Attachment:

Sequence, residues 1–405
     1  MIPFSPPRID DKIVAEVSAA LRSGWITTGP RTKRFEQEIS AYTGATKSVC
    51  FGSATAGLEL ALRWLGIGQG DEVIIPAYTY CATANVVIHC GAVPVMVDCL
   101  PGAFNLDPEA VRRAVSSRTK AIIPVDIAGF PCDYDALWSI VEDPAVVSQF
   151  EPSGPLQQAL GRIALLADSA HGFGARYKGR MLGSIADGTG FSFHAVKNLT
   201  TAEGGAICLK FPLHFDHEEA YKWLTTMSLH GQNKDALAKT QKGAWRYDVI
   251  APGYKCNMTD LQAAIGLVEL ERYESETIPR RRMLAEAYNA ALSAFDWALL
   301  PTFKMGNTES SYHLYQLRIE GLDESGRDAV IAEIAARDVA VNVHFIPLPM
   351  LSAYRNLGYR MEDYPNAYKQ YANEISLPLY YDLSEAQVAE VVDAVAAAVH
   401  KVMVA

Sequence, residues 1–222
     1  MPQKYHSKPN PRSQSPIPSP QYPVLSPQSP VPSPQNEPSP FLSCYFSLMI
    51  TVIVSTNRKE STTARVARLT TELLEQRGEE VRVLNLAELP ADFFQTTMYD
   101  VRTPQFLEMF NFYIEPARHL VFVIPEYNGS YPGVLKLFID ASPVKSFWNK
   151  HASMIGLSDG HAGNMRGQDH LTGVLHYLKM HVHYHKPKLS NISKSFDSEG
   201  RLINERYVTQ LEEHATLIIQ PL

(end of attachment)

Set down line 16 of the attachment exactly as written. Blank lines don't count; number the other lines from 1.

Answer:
   201  RLINERYVTQ LEEHATLIIQ PL